Parliament votes to endorse the UN's Declaration on the Rights of Indigenous Peoples

Press release ...

Fontaine, Simon and Chartier Congratulate Canadian Parliament for their support of the United Nations Declaration on Rights of Indigenous Peoples

OTTAWA, April 9 /CNW Telbec/ - The National Chief of the Assembly of First Nations Phil Fontaine, the President of the Inuit Tapiriit Kanatami Mary Simon and the President of the Metis National Council Clement Chartier together announced their overwhelming support for yesterday's decision by the Canadian Parliament to endorse the United Nations Declaration on the Rights of Indigenous Peoples on April 8, 2008.

"I am very optimistic about the support demonstrated yesterday by Members of Parliament who voted on a motion that called for the government to endorse the United Nations Declaration on the Rights of Indigenous Peoples as adopted by the United Nations General Assembly on 13th September, 2007," Phil Fontaine, National Chief of the Assembly of First Nations noted. "I am pleased that the majority of MPs showed their support for this internationally supported Declaration and I look forward to working with those supporters to implement the human right standards noted in the Declaration. I would also encourage all provincial and territorial governments to adopt motions of support for this very important Declaration like the Government of Northwest Territories did."

"The UN Declaration promotes minimum human rights standards necessary to the 'survival, dignity and well-being of the Indigenous peoples of the world.' These include the right of self-determination, protections from discrimination and genocide, and recognition of rights to lands, territories and resources that are essential to the identity, health and livelihood of Indigenous peoples," Mary Simon National Leader for Inuit of Canada stated. "That this Parliament now acknowledges this standard is an important touchstone in the relations between the government and the indigenous populations."

Clem Chartier, President of the Métis National Council also recognizes "the important step gained in the majority will of Parliament who represent the majority of Canadians to support a fundamental human rights instrument that bolsters the rights of all Indigenous peoples." "The Métis Nation in solidarity with all Indigenous peoples in Canada look forward to the full implementation of the Declaration at home," he said.

During the House of Commons debate over the resolution, government spokespersons claimed that the Declaration would undo centuries of Canadian treaties with Indigenous peoples despite the fact that the UN Declaration explicitly states that treaties and other agreements with Indigenous peoples are to be respected.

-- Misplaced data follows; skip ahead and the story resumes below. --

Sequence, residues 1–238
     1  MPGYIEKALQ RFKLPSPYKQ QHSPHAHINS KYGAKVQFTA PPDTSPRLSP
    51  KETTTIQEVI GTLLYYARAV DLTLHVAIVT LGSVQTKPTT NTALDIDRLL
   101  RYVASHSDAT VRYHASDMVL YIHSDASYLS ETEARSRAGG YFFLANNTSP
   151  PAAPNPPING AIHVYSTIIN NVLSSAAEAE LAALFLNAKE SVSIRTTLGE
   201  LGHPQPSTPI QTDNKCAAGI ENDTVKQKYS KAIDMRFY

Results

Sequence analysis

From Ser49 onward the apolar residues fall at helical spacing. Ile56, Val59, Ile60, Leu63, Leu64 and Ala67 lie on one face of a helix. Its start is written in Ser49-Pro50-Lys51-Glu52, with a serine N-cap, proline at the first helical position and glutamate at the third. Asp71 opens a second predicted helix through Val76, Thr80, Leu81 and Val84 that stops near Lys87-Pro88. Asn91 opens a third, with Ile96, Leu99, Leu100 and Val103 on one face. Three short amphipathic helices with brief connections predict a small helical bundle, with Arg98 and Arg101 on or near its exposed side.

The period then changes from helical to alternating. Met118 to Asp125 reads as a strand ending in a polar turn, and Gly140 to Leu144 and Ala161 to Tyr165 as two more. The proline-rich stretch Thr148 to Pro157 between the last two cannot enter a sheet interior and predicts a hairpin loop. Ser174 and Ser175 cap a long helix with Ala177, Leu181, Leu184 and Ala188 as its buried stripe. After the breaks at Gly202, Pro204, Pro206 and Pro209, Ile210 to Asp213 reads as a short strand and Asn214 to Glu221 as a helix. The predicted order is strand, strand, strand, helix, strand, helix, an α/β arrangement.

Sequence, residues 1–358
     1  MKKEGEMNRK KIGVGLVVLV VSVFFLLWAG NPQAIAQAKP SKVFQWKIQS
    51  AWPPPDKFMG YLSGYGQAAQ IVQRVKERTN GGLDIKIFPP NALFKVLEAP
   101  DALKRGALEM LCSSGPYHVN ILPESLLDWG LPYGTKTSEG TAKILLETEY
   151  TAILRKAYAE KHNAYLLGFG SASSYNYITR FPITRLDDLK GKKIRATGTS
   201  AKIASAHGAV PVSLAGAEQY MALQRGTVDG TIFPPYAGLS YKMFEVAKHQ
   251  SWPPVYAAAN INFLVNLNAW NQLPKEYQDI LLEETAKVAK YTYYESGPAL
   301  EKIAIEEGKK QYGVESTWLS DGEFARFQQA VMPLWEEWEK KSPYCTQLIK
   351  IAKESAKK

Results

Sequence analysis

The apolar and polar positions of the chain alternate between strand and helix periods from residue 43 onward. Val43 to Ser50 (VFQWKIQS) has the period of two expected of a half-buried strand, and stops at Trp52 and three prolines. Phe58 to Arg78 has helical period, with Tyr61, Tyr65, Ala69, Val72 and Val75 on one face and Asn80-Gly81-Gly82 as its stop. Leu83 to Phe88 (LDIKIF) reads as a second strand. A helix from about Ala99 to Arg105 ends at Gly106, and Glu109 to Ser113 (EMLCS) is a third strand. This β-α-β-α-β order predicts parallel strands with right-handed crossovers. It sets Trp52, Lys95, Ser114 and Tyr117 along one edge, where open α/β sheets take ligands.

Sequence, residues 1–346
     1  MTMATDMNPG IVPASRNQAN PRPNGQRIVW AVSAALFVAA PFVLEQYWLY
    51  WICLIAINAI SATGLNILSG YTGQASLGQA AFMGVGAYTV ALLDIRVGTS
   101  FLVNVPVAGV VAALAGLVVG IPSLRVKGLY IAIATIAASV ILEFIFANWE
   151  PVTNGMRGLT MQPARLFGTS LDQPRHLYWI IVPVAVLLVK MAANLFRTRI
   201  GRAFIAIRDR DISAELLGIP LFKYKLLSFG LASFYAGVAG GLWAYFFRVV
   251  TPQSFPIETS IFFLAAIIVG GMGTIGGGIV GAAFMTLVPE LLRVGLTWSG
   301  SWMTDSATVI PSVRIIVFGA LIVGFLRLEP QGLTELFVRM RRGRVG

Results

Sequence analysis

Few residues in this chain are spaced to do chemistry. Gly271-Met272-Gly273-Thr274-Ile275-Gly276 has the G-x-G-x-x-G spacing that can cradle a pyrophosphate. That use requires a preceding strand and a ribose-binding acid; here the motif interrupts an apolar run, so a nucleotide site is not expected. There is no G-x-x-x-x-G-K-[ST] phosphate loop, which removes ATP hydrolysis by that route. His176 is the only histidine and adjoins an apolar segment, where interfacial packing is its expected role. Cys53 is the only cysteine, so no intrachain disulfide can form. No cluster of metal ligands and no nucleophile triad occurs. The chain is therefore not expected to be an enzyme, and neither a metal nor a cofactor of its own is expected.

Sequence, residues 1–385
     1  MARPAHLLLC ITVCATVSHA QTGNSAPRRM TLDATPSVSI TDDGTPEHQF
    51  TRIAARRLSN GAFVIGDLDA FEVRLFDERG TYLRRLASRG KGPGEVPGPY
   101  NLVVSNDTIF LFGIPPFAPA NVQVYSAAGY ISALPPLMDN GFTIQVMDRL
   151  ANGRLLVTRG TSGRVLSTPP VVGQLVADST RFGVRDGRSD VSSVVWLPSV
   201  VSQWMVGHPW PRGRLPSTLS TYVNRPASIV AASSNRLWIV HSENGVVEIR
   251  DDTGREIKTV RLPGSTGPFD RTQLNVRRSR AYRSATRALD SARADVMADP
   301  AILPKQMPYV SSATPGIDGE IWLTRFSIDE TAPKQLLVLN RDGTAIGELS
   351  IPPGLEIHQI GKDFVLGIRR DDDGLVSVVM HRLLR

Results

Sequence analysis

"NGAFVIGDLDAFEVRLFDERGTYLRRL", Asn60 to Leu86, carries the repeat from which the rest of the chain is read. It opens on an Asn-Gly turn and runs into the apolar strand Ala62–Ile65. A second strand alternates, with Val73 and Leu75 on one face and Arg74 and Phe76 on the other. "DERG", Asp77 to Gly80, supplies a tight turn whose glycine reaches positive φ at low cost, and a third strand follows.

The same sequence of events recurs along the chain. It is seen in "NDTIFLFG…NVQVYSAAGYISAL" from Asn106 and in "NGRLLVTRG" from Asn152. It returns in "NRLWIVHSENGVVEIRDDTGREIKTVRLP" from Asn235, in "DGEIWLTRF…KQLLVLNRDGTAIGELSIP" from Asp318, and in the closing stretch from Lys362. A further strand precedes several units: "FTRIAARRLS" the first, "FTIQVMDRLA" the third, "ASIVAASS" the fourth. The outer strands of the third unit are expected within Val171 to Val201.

The Declaration also contains numerous provisions which explicitly state that it is to be balanced against other human rights protections and interpreted in accordance with principles of democracy, good governance and respect for the rights of all.

The Assembly of First Nations is the national organization representing First Nations citizens in Canada. ITK is the national voice of Canada's Inuit. The MNC represents Metis people in Canada.

For further information: Joan McEwen, AFN Communications Director, (613) 241-6789 ext. 242, cell (613) 324-3329,; Nancy Pine, Communications Advisor - Office of the National Chief, (613) 241-6789 ext 243, cell (613) 298-6382,; John Merritt, ITK, (613) 238-8181,


Union of BC Indian Chiefs press release

Harper Government Continues to Deny Justice for Indigenous Peoples

April 9, 2008

“The Union of BC Indian Chiefs welcomes yesterday’s historic vote in Parliament endorsing the United Nations Declaration on the Rights of Indigenous Peoples,” said Grand Chief Stewart Phillip, President of the Union of BC Indian Chiefs. “However we are exasperated and infuriated that the Conservative members of Parliament voted against the motion to endorse this vitally important international human rights instrument.”

After more than 20 years of development and negotiation, the UN Declaration on the Rights of Indigenous Peoples was adopted by the UN General Assembly in September 2007 with an overwhelming majority of 143 in favour, 4 opposed and 11 abstentions. Canada was one of four countries to vote against the adoption of the Declaration. Since then, the Government of Australia, also one of the four countries opposed, has endorsed the Declaration.

Yesterday, Parliament passed a motion to endorse and “fully implement” the Declaration as adopted by the UN.

“In a country that continues to build its prosperity through the ongoing exploitation and vast development of the lands and resources of Indigenous Peoples, it should come as no real surprise that the Conservative government continues to take every opportunity to undermine and deny Aboriginal Title and Rights” added Grand Chief Phillip. “Rather than recognize Indigenous land rights, the Harper Conservative Government would much rather witness the jailing of Indigenous leaders who seek to protect and safeguard their rights.”

“We challenge Canada to do the right thing. Take a progressive step forward on the international stage, reverse its opposition and work with us to implement and uphold the principles contained in the Declaration” concluded Grand Chief Phillip.

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Grand Chief Stewart Phillip
(250) 490-5314